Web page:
Decision-making including a plan to prevent future DWI behavior.
This program targets repeat DWI offenders and there is a charge for this
program. This program includes much of the same information as the DWI-Education
program explained above, except it lasts 18-20 sessions and covers the
following topics in-depth:
benefits of using alcohol
eating & physical/leisure time activities
Communication styles and personal goal-setting
roles in the user/abuser
12-step support group (AA/NA) with a local resource guide
and creative ways to deal with stress effectively
signs of relapse
action plan to avoid future problematic behavior.
In this free program, DWI offenders listen as a panel of victims who
have been personally injured and those who have lost family members as a
result of DWI-related accidents tell how the DWI behavior of someone
affected their lives.
In-House Out-Patient Program (IHOPP)
This free program is offered to clients suspected of chemical dependency
problems identified through CSO assessment, prior record and/or positive
urine samples. Facilitated by a Licensed Chemical Dependency Counselor
this program includes three aspects of chemical dependency programming:
counseling for crisis issues and relapse prevention
out-patient program services (group or individual).
Life Management Series for Theft Intervention & Life Skills
This program targets clients in need of self-improvement values
clarification and behavior control. Fees are charged. This is a short
program designed to help clients develop a personal plan for a
successful future. Homework assignments are a big part of this program.
This is a cognitive restructure, long-term (1-2 years)
program aimed at confronting criminal thinking patterns to
redirect thought processes into pro-social and acceptable
Three session education program for offenders probated for
or involved with the use on marijuana. The program
looks critically at the illegal actions involved in using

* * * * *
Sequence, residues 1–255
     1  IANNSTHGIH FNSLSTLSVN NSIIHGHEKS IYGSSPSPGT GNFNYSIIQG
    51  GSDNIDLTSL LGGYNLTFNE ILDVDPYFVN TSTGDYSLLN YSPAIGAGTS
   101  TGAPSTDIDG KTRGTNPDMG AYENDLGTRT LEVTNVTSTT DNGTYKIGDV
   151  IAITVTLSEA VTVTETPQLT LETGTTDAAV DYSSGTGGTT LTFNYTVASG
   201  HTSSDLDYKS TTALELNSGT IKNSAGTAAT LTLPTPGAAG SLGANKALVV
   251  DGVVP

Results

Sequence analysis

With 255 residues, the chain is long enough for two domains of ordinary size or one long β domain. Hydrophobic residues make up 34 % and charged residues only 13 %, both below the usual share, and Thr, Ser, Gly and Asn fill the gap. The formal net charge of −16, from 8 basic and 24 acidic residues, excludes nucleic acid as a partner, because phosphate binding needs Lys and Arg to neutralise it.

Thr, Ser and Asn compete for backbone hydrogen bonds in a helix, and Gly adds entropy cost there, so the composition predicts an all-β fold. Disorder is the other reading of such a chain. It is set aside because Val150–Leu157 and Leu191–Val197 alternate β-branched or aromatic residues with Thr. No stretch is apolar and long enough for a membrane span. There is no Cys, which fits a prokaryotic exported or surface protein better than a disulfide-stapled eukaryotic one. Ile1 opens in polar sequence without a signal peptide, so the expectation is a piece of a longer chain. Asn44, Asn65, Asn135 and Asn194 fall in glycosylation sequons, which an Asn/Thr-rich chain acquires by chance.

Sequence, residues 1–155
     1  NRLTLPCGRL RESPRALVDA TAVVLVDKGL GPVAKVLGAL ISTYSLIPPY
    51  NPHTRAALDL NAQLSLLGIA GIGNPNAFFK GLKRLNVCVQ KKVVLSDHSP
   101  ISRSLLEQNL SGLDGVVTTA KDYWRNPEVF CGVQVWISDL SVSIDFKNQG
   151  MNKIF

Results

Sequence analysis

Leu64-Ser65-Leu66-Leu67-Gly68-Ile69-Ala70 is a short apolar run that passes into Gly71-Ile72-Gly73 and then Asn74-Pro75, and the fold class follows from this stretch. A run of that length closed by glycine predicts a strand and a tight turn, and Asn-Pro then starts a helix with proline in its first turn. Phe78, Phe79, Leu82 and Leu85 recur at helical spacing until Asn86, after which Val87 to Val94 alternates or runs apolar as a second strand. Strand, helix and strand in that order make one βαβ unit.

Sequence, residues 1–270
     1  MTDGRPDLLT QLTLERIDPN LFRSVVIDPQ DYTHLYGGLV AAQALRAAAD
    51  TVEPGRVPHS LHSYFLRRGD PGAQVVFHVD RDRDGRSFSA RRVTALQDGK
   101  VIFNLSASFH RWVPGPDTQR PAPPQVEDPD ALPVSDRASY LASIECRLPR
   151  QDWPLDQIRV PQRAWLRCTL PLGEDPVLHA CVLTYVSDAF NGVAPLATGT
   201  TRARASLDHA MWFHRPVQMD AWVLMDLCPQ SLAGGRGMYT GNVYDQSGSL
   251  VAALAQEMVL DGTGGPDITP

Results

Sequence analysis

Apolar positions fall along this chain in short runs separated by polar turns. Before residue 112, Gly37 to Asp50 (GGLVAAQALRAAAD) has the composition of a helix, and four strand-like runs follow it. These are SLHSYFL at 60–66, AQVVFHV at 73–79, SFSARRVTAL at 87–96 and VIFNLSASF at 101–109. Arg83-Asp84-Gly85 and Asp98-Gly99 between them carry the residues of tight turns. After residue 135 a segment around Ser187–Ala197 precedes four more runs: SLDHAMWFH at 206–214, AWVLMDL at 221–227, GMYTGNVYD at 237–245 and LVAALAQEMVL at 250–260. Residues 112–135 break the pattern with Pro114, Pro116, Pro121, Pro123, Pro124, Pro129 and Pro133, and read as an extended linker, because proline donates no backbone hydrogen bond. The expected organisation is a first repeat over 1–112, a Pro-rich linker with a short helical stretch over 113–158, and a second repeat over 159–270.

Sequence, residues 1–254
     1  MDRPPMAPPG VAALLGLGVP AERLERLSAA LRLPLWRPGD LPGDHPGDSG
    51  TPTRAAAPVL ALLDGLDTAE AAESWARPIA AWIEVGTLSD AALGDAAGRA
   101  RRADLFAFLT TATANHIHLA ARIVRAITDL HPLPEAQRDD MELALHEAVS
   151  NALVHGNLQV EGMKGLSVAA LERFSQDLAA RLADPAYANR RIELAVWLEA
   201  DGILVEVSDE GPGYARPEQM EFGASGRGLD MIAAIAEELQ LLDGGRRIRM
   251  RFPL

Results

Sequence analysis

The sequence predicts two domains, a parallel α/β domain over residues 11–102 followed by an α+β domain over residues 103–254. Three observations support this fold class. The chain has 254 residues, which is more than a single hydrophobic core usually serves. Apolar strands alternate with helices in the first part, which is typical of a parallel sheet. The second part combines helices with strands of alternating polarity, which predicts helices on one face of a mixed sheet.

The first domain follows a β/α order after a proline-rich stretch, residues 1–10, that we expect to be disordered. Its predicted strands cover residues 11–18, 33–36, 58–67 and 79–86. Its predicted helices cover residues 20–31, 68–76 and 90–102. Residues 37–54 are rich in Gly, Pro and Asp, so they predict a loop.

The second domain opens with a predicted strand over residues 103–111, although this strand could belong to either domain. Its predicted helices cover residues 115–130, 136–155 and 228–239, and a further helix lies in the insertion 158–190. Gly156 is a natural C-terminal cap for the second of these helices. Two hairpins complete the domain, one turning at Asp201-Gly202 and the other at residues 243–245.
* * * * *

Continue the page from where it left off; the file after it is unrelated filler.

marijuana and points out the dangers for people choosing to
use this drug in today's world.
Clients who have completed residential treatment participate in this
free support group which is facilitated by a licensed chemical
dependency counselor to aid those clients who have begun to walk
the 12-steps of recovery through Alcoholics Anonymous (AA) or Narcotics
Anonymous (NA) but who need encouragement and technical advice to
complete their recovery.
Prevention Group After completing a
treatment program along with a significant number of 12-step
(AA/NA) meetings, clients are referred to this program.
The focus of this group is awareness and avoidance of
"triggers" that may lead to use of drugs or alcohol again,
keeping the participant sober, and dealing with the needed
changes to maintain the sobriety started in treatment.
These programs are facilitated by Registered Sex Offender
Treatment Providers in Texas and deal with cognitive
restructuring of the thinking patterns of offenders under
supervision for sex offenses defined by state law.
Victim Impact Panel
A panel of victims of various types of crime (from property to crimes of
violence) speak to help offenders understand the full effects that
criminal behavior has had on their lives. This free program is offered
to criminal offenders whose crime involved a victim.